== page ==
Lagos-Calabar Coastal Highway Project Sparks Controversy Over Demolition and Compensation

Despite the government's assurance of following due process, landlords of the affected properties expressed dissatisfaction with the compensation offered, deeming it inadequate compared to their investments

In a significant development regarding the Lagos-Calabar Coastal Highway project, the Minister of Works, David Umahi, announced plans for the demolition of 750 houses along the highway’s path. 

This revelation came during a stakeholders’ meeting held in Lagos, where Umahi outlined the government’s commitment to follow the gazetted alignment for the project.

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Umahi clarified that the demolition plan adheres strictly to the predetermined alignment, with no alterations expected. 

However, to mitigate potential damage to submarine cables, a realignment of 25 kilometers at Okun Ajah area is proposed.

Despite the government’s assurance of following due process, landlords of the affected properties expressed dissatisfaction with the compensation offered, deeming it inadequate compared to their investments. 

During a question and answer session, only ten property owners received compensation, further fueling discontent among residents.

The proposed coastal highway aims to not only enhance transportation infrastructure but also stimulate tourism along the coastline. 

Umahi emphasized the potential economic benefits, highlighting the creation of tourism centers and the anticipated influx of external funding to bolster the project.

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President Bola Tinubu has been invited to inaugurate the highway on May 26, 2024, marking a significant milestone in the project’s progress. However, concerns persist among affected property owners and residents regarding the fairness of compensation and the overall impact on their livelihoods.

Cajetan Onu, President of Total Energies Staff Cooperative Society and Total Energies Staff Club lamented the insufficiency of compensation, particularly citing ongoing developments and investments made by affected parties.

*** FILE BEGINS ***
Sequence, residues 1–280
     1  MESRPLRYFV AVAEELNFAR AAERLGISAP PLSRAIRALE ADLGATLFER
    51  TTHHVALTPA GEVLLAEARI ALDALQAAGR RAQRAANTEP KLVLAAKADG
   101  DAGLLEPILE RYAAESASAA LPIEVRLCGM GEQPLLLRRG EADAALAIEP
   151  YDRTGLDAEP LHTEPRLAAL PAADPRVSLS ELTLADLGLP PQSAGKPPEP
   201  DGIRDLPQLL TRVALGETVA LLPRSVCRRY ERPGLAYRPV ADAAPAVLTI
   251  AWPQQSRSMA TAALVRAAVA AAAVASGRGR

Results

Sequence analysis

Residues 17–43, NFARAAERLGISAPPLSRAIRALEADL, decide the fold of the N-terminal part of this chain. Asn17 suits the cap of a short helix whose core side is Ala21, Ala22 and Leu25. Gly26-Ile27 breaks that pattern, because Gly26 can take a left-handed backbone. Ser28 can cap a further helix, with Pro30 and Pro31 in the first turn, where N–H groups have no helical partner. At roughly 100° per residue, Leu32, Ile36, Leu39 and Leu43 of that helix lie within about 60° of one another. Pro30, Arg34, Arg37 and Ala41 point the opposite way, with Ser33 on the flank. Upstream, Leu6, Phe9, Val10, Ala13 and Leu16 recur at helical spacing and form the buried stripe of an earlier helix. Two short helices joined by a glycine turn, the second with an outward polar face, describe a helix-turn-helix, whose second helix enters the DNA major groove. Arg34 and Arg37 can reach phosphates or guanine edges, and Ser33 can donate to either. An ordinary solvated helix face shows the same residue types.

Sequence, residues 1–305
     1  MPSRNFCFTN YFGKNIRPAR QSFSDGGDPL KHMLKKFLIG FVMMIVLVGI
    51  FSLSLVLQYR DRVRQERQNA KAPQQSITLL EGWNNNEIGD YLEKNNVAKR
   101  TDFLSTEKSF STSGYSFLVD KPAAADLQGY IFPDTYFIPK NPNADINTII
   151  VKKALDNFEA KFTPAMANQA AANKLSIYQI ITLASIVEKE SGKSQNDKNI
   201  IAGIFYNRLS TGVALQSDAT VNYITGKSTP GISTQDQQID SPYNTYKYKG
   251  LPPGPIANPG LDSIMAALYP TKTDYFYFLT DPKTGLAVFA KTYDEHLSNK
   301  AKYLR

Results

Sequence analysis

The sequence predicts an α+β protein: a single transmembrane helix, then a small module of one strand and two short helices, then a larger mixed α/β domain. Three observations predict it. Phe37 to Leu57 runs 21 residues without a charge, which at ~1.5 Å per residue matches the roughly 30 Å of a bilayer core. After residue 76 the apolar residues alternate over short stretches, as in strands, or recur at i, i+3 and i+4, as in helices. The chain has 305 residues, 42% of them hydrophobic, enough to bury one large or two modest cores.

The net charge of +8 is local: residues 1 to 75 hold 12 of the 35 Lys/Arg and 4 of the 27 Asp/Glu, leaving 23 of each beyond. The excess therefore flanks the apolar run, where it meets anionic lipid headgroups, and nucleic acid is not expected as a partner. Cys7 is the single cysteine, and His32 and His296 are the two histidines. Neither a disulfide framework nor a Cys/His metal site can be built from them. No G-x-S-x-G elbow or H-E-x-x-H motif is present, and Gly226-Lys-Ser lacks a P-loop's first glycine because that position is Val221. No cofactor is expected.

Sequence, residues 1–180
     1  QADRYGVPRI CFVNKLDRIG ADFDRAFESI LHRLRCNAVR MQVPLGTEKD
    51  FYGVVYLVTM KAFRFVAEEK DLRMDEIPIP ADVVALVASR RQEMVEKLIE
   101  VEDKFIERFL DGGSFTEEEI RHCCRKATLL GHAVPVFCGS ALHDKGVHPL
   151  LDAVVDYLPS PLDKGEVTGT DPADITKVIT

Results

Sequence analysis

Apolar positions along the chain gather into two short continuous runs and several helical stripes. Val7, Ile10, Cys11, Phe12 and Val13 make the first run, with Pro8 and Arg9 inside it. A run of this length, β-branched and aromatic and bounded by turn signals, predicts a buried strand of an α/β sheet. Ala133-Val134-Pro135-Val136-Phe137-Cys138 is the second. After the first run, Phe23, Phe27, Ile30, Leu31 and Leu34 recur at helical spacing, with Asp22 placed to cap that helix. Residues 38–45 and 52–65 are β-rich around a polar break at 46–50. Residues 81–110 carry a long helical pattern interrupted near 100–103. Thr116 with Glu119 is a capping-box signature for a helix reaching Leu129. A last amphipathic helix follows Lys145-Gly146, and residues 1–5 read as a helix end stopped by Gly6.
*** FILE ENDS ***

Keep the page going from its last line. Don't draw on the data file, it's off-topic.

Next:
He appealed for a review of the compensation process to ensure fair remuneration for affected properties.

Similarly, Olanrewaju Ojo, founder of Leisure Games, criticized the compensation amount of N1.3 million, stating that it pales in comparison to his property’s true value. 

Ojo’s sentiments echo the sentiments of many others who feel shortchanged by the government’s compensation scheme.

As tensions rise over the demolition and compensation issues, it is evident that more dialogue and transparent processes are needed to address the concerns of affected stakeholders. 

The Lagos-Calabar Coastal Highway project holds significant promise for regional development and connectivity, but its success hinges on the equitable treatment of those impacted by its implementation.

The controversy surrounding the project underscores the complex interplay between infrastructure development and the rights of individuals affected by such initiatives. 

As the government forges ahead with its ambitious plans, it must prioritize fairness and inclusivity to ensure that the benefits of progress are shared equitably among all stakeholders.

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